SeanBird: Please tell us about the scoring process behind a production such as Castlevania.  Where in the process do you, as a composer, become involved?

Michiru Yamane: Well... it depends on the size of the project.  Sometimes, I'll be in the team from the start of the project, and then we begin our work from scratch.  Although, when I have a really tight schedule, I will get into the project when the storyboard is ready.  There are some cases that I get involved in the project when the test version of the game is ready to be played.  In general, I take proper steps to meet the situation.

SeanBird: Are there particular instruments that you prefer to use in your compositions or orchestrations? 

Michiru Yamane: I use piano to think through the image and transform it into music. Through this process, 80% of the instruments are decided in my mind.  In the next process, I like to use acoustic instruments, such as strings and woodwinds for the actual arrangements.  Depending on the kind of songs, I pick electric instruments, for example, distorted guitar sounds and synthesizer.  Sometimes I choose folk instruments for the simple sounds.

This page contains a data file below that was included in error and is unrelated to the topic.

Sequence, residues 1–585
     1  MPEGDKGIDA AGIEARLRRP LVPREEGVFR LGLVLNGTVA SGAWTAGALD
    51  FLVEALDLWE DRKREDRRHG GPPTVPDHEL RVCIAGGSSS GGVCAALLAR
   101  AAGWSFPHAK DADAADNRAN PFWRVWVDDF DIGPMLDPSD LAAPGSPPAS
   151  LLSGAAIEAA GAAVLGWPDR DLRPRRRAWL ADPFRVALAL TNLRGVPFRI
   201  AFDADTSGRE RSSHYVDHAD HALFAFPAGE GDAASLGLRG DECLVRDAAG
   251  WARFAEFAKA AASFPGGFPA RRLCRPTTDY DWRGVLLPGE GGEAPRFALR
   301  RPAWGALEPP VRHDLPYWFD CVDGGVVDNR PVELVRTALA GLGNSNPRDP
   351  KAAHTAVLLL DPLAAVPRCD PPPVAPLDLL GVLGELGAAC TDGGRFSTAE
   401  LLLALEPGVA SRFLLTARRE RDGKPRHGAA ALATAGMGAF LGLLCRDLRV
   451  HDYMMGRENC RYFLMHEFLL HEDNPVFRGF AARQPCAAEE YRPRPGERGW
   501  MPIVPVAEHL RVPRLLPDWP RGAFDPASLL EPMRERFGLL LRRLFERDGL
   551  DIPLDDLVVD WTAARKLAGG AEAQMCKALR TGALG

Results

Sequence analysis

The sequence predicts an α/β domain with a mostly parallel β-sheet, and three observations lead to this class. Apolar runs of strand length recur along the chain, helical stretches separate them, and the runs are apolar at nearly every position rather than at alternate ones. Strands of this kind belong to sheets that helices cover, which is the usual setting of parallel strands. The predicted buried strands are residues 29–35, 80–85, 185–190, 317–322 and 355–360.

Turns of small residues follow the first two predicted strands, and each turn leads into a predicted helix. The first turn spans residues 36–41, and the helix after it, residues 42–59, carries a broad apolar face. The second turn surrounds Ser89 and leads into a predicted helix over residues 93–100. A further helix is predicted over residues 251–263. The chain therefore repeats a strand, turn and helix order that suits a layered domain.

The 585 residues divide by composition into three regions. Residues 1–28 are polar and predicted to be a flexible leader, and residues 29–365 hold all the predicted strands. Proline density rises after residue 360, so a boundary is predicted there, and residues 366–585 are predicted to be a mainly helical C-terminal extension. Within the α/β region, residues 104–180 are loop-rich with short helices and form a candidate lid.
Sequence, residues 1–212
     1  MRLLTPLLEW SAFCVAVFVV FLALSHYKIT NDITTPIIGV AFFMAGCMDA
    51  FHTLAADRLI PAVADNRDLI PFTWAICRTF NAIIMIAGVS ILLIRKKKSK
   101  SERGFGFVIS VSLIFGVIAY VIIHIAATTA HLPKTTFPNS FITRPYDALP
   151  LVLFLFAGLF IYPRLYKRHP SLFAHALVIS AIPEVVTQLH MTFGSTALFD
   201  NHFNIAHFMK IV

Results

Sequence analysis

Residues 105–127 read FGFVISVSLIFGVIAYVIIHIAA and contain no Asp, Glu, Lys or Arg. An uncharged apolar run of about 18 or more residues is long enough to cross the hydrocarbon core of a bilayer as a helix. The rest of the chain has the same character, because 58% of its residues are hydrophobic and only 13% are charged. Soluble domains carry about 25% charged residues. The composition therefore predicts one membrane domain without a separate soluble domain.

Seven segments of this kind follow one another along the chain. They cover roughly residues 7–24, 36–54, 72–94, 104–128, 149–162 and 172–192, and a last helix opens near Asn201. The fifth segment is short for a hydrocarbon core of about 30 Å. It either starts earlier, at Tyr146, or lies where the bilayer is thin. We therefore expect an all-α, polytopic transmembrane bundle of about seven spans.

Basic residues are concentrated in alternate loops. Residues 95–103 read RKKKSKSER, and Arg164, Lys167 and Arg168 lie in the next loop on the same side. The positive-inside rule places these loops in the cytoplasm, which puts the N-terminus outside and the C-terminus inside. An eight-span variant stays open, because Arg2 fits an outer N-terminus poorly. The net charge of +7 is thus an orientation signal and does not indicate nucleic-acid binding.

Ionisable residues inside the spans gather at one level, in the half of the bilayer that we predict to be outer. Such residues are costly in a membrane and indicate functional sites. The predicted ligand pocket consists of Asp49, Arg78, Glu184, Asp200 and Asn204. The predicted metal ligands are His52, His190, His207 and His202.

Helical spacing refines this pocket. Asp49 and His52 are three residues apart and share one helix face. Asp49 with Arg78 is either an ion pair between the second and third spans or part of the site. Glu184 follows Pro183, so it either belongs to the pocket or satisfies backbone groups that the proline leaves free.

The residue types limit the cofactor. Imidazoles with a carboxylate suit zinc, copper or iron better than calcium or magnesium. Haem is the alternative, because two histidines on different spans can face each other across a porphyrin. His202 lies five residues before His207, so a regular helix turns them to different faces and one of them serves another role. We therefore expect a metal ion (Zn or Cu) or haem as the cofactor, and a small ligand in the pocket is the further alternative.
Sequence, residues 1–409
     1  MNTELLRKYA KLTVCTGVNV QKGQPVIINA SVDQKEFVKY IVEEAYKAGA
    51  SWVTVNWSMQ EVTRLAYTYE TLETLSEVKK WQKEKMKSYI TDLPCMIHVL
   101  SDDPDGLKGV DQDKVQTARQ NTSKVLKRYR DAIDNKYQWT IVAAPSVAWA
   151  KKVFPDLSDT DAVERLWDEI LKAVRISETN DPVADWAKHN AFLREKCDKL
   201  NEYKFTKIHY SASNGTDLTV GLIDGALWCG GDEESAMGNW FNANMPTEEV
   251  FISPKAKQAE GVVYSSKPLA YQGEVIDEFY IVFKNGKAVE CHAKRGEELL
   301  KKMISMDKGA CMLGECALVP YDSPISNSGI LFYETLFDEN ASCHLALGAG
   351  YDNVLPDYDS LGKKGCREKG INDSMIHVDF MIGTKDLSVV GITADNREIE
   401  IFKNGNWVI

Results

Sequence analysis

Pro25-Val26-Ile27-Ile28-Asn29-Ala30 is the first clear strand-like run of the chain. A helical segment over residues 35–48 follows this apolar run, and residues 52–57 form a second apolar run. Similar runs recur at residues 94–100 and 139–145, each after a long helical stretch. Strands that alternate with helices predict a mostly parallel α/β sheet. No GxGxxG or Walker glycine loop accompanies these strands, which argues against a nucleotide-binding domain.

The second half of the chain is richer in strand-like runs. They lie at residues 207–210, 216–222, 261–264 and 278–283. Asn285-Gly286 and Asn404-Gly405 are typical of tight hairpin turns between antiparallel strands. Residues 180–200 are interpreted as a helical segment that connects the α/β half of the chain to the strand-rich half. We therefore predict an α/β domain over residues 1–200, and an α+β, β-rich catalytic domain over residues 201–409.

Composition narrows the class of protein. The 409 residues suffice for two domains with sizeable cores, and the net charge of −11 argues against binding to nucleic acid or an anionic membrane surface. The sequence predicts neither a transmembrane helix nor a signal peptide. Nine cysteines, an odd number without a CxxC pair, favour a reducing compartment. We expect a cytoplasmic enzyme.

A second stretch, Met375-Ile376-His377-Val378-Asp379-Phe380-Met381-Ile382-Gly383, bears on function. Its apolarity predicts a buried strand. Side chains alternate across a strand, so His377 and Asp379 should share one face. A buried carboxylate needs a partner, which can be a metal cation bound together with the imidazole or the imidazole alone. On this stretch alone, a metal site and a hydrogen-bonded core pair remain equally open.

SeanBird: Of all of the background music you have composed for the Castlevania series, are there any particular pieces that stand out as favorites or have a particular significance for you?

Michiru Yamane: I have been asked the same question quite a lot and it's always very difficult to choose the one because there are too many songs that I like.  If I have to pick one, I'd say "GEKKA NO YASOUKYOKU (Symphony of the Night)" is my favorite.  This is the song I wrote over 10 years ago, but I still receive messages that say "Very impressive song", or "I grew up with this song" from my fans.

SeanBird: Have you ever considered releasing a CD comprised entirely of your own work?

Michiru Yamane: Yes, of course!  I have several ideas about this, so I'm trying to realize this album little by little.

SeanBird: Do you have any current or upcoming projects that you would like to talk about?